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View Diary: How do we interpret the Second Amendment? (117 comments)

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  •  Have ALWAYS thought (5+ / 0-)

    the second amendment was passed in the context of a government which could not afford a standing army and depended on citizen militias for the countries defence. The founders also dreaded standing armies in light of European history.
    The arming of a populace against its own representative government was a distant concern.
    The gun culture that enriches arms makers is carefully cultivated.

    The true traveler is he who goes on foot, and even then, he sits down a lot of the time. Collette

    by barnowl on Wed Jan 12, 2011 at 07:04:17 AM PST

    •  country's (1+ / 0-)
      Recommended by:
      Oh Mary Oh

      The true traveler is he who goes on foot, and even then, he sits down a lot of the time. Collette

      by barnowl on Wed Jan 12, 2011 at 07:04:42 AM PST

      [ Parent ]

    •  Standing armies were specifically prohibited (0+ / 0-)

      under English law and the Constitution grants Congress the authority to raise and provide for an army, but only for a period of two years. It does grant Congress authority to arm and call forth state militias to execute the laws of the Union. Militias in England were under the control of barons and under control of the colonies here. The peculiar wording of the second amendment may in fact be an endorsement of the prevalent militia system in which private citizens had their own arms and a rejection of that portion of the English Bill of Right of 1689 that allowed Protestant citizens to bear arms, but not Catholics, due to the excesses of the late King James. Hence the phrase "shall not be infinged" in the wording of the amendment. In other words, Congress could show no preference in the granting of this right. The English Bill of Rights reads:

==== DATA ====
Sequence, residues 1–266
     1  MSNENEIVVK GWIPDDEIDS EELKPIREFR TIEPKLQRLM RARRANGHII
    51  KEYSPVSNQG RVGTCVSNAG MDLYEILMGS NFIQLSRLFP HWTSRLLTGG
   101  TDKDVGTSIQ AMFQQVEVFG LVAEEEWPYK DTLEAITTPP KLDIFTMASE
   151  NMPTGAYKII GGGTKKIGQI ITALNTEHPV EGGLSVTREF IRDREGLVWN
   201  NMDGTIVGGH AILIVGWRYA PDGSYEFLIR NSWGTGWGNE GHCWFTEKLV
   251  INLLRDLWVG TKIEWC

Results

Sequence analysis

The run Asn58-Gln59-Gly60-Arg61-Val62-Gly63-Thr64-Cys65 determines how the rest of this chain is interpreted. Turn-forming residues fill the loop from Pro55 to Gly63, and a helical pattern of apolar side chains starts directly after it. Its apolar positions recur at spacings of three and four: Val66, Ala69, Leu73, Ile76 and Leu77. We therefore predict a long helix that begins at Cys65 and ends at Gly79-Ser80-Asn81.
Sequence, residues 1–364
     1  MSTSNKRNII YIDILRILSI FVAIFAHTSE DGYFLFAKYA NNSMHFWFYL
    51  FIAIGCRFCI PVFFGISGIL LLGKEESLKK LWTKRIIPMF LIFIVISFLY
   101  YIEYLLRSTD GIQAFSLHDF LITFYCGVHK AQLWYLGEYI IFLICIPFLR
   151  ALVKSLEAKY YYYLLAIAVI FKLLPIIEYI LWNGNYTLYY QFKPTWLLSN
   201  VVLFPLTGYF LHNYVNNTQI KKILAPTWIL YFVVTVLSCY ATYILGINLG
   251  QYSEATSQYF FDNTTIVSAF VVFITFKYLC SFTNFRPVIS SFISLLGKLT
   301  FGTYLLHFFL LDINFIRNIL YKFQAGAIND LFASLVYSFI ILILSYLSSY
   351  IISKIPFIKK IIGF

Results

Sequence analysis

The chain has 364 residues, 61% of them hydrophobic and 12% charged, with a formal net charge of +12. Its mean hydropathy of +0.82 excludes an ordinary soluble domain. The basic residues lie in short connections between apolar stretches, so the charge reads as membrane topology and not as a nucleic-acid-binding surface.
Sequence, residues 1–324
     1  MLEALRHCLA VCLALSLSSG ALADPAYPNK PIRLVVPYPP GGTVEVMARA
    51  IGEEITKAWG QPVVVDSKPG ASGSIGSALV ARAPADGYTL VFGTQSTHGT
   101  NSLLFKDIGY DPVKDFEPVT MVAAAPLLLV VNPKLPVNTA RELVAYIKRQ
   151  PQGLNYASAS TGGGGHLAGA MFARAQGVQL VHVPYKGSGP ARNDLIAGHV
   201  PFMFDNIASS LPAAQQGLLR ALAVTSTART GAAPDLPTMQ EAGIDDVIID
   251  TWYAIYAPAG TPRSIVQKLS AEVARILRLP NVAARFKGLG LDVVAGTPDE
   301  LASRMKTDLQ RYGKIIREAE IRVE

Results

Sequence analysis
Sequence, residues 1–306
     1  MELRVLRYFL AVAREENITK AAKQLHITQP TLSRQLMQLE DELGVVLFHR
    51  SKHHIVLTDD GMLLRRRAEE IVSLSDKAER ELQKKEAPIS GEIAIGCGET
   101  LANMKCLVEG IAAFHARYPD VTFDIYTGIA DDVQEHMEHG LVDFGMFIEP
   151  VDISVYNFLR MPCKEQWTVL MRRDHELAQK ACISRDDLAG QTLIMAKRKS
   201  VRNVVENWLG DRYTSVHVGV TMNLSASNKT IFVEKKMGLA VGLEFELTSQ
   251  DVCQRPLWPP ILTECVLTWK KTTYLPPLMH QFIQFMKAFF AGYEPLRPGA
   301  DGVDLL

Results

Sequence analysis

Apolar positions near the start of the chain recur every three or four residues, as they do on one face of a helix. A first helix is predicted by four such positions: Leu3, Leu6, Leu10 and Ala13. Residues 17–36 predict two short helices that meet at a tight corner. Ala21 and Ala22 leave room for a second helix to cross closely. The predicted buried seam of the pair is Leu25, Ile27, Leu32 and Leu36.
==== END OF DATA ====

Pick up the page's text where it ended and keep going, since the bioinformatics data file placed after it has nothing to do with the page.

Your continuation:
That the subjects which are Protestants may have arms for their defence suitable to their conditions and as allowed by law.

      The right to bear arms was variously granted, restricted, and/or denied to various groups throughout British history. Even the phrase "suitable to their conditions" seems arbitrary. In adopting the second amendment, I believe that Congress wished to avoid the vagaries of the British right to bear arms.

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